Few can argue that the new film “Dreamgirls,” based on the Broadway show, based on the definitive diva, has had some of the best WOM leading up to last week’s opening.
Hey, any film with a cast that includes Beyonce, B–>A lister Eddie Murphy and Oscar-winner Jamie Foxx, would have to struggle not to find its media mojo. And it wasn’t even JayZ’s girl who got the biggest boost.
Al Abrams, the veteran Motown publicist who is credited for building the tale of the supreme dream team, has a new book due in January containing all the original press releases that fueled the dreamgirls dynasty.
In spite of the caustic BL’s dismissive comments about the news release and her even more demeaning comments about “useless” PR people, “Waking the Dreamgirls: The Complete Motown Press Releases, 1964-1966,” speaks volumes about the much-maligned news delivery tool on which PR pros have consistently relied to build brands and make noise, if not legends.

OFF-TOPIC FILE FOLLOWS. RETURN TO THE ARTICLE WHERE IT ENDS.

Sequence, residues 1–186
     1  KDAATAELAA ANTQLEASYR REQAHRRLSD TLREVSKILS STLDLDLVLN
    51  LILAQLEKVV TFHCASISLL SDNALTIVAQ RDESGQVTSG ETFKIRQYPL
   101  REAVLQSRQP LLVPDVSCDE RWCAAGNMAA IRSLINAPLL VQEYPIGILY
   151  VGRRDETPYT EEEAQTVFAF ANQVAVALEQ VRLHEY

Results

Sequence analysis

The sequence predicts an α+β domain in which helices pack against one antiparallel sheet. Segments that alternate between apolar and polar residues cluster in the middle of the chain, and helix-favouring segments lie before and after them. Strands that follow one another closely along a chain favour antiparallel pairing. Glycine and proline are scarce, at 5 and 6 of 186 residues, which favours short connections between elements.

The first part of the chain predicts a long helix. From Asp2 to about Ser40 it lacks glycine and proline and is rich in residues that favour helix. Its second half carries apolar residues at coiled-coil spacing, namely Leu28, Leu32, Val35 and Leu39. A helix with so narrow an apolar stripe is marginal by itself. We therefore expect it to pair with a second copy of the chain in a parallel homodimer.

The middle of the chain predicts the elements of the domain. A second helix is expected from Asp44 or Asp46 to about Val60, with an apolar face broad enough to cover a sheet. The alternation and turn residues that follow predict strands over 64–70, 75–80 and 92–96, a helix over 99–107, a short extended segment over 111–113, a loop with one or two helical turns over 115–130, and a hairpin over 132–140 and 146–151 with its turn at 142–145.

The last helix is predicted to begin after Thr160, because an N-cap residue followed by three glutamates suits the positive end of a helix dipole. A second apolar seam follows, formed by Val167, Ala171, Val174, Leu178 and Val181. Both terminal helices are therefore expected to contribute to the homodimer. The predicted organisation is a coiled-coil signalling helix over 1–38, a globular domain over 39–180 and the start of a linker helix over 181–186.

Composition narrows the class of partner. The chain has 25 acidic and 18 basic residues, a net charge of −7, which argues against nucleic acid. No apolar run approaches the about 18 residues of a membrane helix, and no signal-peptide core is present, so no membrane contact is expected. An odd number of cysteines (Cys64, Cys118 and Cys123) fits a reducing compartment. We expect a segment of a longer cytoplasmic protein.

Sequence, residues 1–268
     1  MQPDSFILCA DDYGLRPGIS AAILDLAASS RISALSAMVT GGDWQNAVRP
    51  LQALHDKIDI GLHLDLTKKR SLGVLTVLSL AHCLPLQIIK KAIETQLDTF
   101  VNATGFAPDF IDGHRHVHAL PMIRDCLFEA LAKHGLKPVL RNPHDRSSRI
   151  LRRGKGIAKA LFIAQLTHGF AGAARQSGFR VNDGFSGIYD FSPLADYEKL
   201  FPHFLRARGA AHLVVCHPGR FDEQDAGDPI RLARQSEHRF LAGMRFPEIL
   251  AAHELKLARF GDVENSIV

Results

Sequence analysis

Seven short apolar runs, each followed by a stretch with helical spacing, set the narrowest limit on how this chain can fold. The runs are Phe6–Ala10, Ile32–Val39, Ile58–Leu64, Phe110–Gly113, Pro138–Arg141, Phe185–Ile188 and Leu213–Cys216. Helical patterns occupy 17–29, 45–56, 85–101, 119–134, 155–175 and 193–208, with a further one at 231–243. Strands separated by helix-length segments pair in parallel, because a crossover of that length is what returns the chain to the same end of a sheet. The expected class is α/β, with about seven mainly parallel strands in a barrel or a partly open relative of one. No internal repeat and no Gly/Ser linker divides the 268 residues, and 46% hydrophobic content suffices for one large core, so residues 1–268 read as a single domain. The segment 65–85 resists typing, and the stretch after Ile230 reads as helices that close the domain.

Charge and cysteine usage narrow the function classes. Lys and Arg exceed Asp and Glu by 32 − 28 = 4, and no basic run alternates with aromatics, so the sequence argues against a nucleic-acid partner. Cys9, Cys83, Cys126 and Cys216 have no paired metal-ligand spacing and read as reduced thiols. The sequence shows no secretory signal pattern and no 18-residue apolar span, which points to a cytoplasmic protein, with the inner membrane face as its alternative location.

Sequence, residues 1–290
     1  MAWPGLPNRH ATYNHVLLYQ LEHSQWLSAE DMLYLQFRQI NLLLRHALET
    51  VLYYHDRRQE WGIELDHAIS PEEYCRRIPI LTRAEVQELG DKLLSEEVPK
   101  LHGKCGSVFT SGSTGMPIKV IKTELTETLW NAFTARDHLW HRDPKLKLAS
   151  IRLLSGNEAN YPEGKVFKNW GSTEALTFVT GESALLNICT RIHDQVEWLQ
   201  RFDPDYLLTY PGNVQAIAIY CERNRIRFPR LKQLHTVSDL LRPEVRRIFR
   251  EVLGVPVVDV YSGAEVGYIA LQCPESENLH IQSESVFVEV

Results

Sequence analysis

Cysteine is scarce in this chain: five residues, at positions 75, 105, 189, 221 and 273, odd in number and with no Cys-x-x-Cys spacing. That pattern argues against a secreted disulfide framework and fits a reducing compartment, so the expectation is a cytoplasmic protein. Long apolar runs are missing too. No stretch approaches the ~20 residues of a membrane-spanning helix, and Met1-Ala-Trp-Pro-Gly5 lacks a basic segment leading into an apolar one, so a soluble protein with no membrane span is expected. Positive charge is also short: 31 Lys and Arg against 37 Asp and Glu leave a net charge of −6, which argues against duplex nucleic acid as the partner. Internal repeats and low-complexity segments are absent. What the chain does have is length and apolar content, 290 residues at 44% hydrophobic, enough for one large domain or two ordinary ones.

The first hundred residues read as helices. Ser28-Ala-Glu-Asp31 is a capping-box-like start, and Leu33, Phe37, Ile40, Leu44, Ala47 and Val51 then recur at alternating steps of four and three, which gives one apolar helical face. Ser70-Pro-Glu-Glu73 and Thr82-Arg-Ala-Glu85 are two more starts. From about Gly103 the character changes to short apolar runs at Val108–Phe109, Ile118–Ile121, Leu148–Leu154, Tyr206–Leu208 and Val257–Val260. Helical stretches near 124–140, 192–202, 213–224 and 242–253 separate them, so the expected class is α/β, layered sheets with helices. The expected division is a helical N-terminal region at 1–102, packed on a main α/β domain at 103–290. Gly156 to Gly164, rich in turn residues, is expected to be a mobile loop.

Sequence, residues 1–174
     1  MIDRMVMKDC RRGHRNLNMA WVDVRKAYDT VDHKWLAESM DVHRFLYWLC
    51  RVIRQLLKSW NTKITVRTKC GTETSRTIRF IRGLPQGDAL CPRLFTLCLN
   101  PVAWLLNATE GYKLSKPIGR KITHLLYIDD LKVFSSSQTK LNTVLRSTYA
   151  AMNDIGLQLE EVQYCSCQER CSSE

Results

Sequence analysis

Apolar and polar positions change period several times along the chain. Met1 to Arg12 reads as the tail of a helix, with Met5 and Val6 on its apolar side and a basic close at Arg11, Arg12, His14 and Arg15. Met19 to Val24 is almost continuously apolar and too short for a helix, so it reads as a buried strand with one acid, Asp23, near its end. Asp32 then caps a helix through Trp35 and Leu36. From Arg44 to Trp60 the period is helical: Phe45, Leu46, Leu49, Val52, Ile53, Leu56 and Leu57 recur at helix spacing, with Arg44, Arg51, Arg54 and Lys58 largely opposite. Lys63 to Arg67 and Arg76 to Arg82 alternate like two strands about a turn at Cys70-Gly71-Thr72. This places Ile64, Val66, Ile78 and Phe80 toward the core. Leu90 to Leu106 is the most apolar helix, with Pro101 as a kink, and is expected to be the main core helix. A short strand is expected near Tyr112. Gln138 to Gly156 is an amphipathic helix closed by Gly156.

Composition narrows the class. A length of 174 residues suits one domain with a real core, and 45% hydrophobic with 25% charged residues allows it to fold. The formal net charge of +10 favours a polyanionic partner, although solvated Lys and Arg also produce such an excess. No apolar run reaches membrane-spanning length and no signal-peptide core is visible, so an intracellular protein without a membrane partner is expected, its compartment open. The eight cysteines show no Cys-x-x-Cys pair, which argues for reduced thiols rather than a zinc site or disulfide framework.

“Typed and crudely mimeographed, they are presented un-retouched, with typos, sometimes strange syntax and even bad puns. If the news was truly breaking, the press releases went out as ‘Deliver, do not phone’ Western Union telegrams.'”
“Barbara Holliday, a veteran Detroit Free Press reporter, once wrote of Abrams’ press releases, ‘This is the rhetoric of Al Abrams â€¦ the baroque but amazingly effective approach (through which) Abrams has the knack for making the unlikely possible.’
Sure posting a digital video clip on YouTube or tagging, digging or making content del.icio.us is cool (and important) too, but little will ever replace a skilled PR pro’s cogent and convincing command of the English language for advancing a client’s interest. If it happens to manifest in a news release, so be it.
PR Dreamgirls news release public relations Motown Diana Ross Al Abrams Beyonce Jamie Foxx